Coptotriche serjaniphaga Remeikis & Stonis

Stonis, Jonas R., Diškus, Arūnas, Remeikis, Andrius, Fernández-Alonso, José L., Baryshnikova, Svetlana V. & Solis, M. Alma, 2021, Documenting trumpet leaf-miner moths (Tischeriidae): new Neotropical Coptotriche and Astrotischeria species, with notes on Sapindaceae as a host-plant family, Zootaxa 5047 (3), pp. 300-320: 301-305

publication ID

https://doi.org/10.11646/zootaxa.5047.3.4

publication LSID

lsid:zoobank.org:pub:65A22984-EBA7-4788-B044-B23BC59939D4

persistent identifier

http://treatment.plazi.org/id/71EE7F8A-D544-41E7-829E-1D75743783E2

taxon LSID

lsid:zoobank.org:act:71EE7F8A-D544-41E7-829E-1D75743783E2

treatment provided by

Plazi

scientific name

Coptotriche serjaniphaga Remeikis & Stonis
status

sp. nov.

Coptotriche serjaniphaga Remeikis & Stonis   , sp. nov.

urn:lsid:zoobank.org:act:71EE7F8A-D544-41E7-829E-1D75743783E2

( Figs. 11–18 View FIGURES 11–18 )

Type material. Holotype: ♂, PERÚ, Dept. Apurímac, Curahuasi , 13°32ꞌ02ꞌꞌS, 72°42ꞌ59ꞌꞌW, ca. 2700 m, mining larva 25.v.2018, leg. Arotaype-Puma ( NRC).  

Diagnosis. Externally, this new species is similar to the Peruvian C. carmencita Stonis & Diškus   described and illustrated in Stonis et al. 2019a: figs. 23, 24, 57–62, 115–120). However, C. serjaniphaga   sp. nov. is a significantly larger moth, 9 mm in wingspan ( C. carmencita   , 5.6–5.8 mm). Coptotriche serjaniphaga   sp. nov. differs in the dark golden ochre forewing, thorax, and frontal tuft ( C. carmencita   is a pale, entirely ochreous yellowish moth). In C. serjaniphaga   , dark scales form two   small, irregular, subapical spots; the tornal spot ( Fig. 15 View FIGURES 11–18 ) is distinctive (in C. carmencita   , forewing is irregularly speckled with dark scales which are especially abundant along the tornal margin of forewing).

The host-plant genus Serjania Mill.   (possibly S. squarrosa Radlk.   ) is distinctive (see Discussion). Additionally, C. serjaniphaga   sp. nov. has been discovered in temperate areas of the Peruvian Andes and C. carmencita   occurs in the subtropical, humid habitats of the Peruvian “selva alta” which seems to be a transitional corridor between the montane regions and tropical lowlands, or the Amazonian selva or “selva baja”.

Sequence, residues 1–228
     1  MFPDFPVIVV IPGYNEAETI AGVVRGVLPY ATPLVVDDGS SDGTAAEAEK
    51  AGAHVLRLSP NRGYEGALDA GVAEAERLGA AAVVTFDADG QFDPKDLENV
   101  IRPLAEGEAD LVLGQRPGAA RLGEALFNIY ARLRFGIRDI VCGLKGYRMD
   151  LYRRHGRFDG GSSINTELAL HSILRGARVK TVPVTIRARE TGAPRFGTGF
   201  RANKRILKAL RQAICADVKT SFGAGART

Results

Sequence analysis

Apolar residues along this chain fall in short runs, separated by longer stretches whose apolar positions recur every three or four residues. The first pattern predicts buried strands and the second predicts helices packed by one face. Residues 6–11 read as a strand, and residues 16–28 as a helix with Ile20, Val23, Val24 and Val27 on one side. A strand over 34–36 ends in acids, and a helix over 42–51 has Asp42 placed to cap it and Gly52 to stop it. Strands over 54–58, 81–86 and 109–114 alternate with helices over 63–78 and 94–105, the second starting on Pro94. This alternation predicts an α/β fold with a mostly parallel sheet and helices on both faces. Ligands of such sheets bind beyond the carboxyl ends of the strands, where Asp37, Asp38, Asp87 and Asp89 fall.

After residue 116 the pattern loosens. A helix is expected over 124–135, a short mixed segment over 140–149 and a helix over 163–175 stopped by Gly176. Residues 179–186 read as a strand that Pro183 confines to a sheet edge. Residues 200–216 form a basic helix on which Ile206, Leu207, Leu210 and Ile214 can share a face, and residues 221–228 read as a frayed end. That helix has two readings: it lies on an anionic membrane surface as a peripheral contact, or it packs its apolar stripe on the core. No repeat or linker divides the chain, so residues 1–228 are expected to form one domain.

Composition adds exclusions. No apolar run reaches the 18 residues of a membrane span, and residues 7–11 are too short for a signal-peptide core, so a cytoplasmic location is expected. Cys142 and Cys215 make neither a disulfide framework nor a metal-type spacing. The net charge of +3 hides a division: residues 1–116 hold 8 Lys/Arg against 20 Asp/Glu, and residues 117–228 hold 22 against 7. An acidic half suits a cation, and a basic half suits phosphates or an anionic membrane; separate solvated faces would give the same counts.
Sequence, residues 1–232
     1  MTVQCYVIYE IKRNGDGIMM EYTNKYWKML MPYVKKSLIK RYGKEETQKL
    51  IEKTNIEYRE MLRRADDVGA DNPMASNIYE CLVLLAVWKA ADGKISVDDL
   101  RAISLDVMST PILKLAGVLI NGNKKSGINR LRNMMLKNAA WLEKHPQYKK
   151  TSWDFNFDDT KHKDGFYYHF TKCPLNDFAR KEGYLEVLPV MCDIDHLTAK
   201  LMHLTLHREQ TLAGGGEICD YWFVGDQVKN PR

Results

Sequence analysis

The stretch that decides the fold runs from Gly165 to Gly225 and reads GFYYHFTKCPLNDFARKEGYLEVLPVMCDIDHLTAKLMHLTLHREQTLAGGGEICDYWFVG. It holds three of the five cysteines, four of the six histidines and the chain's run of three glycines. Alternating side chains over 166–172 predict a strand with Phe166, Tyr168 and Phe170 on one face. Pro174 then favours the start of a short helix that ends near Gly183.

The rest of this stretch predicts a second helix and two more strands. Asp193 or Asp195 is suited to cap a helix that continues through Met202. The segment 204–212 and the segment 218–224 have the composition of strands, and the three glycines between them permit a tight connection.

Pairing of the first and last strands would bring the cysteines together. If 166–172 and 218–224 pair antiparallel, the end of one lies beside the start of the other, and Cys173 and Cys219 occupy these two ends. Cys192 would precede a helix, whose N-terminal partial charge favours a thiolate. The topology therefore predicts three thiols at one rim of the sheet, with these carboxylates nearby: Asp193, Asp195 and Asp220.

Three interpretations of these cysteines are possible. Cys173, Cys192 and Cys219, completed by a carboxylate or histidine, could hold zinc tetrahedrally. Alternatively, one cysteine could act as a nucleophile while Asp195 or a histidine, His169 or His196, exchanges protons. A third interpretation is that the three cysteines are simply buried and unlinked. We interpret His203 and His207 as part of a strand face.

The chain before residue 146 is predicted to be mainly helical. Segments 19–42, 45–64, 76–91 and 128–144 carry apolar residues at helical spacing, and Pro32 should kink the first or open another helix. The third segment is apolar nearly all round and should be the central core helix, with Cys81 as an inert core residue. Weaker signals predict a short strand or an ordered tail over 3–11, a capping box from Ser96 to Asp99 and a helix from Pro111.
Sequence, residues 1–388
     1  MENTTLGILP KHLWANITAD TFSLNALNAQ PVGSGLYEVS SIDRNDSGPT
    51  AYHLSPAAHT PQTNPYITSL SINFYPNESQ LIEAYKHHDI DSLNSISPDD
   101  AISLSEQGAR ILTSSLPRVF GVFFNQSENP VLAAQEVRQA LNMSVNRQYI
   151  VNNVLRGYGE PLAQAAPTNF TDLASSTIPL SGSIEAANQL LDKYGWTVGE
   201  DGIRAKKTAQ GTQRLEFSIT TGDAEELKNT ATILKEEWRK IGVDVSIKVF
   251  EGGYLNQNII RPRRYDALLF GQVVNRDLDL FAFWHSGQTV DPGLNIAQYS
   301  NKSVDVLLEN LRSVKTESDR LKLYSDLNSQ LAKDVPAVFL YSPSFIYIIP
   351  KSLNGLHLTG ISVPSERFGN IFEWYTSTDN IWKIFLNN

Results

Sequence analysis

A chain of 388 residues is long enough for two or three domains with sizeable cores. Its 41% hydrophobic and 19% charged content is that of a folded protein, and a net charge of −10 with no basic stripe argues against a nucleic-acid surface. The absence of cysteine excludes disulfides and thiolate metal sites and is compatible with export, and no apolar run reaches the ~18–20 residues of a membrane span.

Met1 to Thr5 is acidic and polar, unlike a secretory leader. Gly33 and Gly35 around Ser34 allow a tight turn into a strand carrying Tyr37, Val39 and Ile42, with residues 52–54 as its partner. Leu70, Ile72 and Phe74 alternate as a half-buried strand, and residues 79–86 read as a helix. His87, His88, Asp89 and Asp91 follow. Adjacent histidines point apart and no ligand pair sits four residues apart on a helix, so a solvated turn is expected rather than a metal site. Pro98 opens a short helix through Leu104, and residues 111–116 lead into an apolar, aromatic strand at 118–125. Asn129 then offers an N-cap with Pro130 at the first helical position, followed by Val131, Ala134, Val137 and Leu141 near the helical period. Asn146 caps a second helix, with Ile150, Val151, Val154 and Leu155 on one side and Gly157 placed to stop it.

Male ( Figs. 14, 15 View FIGURES 11–18 ). Forewing length 4.25 mm; wingspan 9.0 mm (n = 1).

Head. Frons yellowish ochre; palpi golden cream; pecten brownish cream; frontal tuft glossy golden cream, laterally golden ochre; collar golden ochre; antenna distinctly longer than one half the length of forewing; flagellum pale grey, golden glossy, with relatively short, very fine, inconspicuous sensilla.

Thorax. Tegula, thorax, and forewing concolorous, glossy, dark golden ochre, sparsely speckled with dark greybrown scales; forewing with two small, irregular, subapical spots; the tornal spot is indistinctive ( Fig. 15 View FIGURES 11–18 ); fringe ochre, with incomplete and inconspicuous fringe line comprised of dark brown scales; forewing underside grey, golden glossy, with weak purple iridescence, without spots or androconia. Hindwing pale grey to grey on upper side and underside, with weak purple iridescence, without androconia; fringe grey, ochre glossy. Legs pale yellow-ochre, dark grey to blackish grey on upper side. Abdomen lost.

Female. Unknown.

DNA barcode. We barcoded hind legs of the holotype. The aligned length of the dataset is 674 bp: AA- CATTATATTTTATTTTTGGTATGTGAGCAGGTATAGTAGGAACATCATTAAGATTATTAATTCGAG- CAGAATTAGGAACTGCAGGATCCTTAATTGGAGATGATCAAATTTATAACACTATTGTTACAGCCCAT- GC TTTTATTATAATTTTTTTTATA G TTAT GCC AATTATAATT GG A GG ATTT GG TAATT G ATTA G TTCCATTAATATTAGGTGCCCCTGATATAGCATTCCCCCGTCTTAATAATATAAGATTTTGATTAT- TACCTCCATCTTTATTACTTTTAATTTCCAGAAGAATTGTAGAAAATGGAGCAGGAACTGGATGAA- CAGTATACCCCCCACTTTCATCAAATATTGCCCATACAGGAAGATCAGTAGATCTTGCTATTTTTTCC CTTCATTTAGCTGGAATTTCTTCAATTTTAGGAGCTATTAATTTTATTACTACAATAATTAATATAC- GATCACAAGGAATATCATTTGATCAAATACCTTTATTCGTATGAGCAGTTGCAATTACAACAGTAT- TATTATTATTATCTTTACCTGTTTTAGCTGGTGCTATTACAATATTATTAACAGATCGTAATTTAAA- CACATCTTTTTTTGATCCTGCTGGAGGAGGAGACCCTATTTTATATCAACATTTATTTTGATTTTTTGGT- CATC. Sequence is available in GenBank under voucher/sample ID OK017167 View Materials   .

Bionomics ( Figs. 11–13, 16–18 View FIGURES 11–18 ). Host plant is Serjania Mill.   , possibly S. squarrosa Radlk.   ( Sapindaceae   ). Larvae mine leaves in May. The blotch mine ( Figs. 11–13 View FIGURES 11–18 ) is irregular, white at the beginning, cream, transparent, with no or very little frass further along; fully developed mines usually bend (distort) the mined leaf ( Fig. 11 View FIGURES 11–18 ). Pupation inside the leaf mine. Adults fly in June.

Distribution. The species is known from the single locality, Curahuasi, Dept. Apurímac, central Peru, at an elevation of about 2700 m.

Etymology. The species is named after the host-plant genus Serjania   , Sapindaceae   , a novel host-plant taxon for the Tischeriidae   , combined with the Ancient Greek phago (eater, feeder).

Remarks. Unpublished molecular data of mtDNA COI sequences provide strong support for this new species. In our unpublished molecular analysis of Tischeriidae   , C. serjaniphaga   sp. nov. always appeared as a very distinct, separate clade, close but not fully matching with Coptotriche   . A phylogenetic tree will be published separately with a molecular analysis of Tischeriidae   (Stonis et al. in prep.).

NRC

Division of Biological Sciences, National Research Council of Canada

GC

Goucher College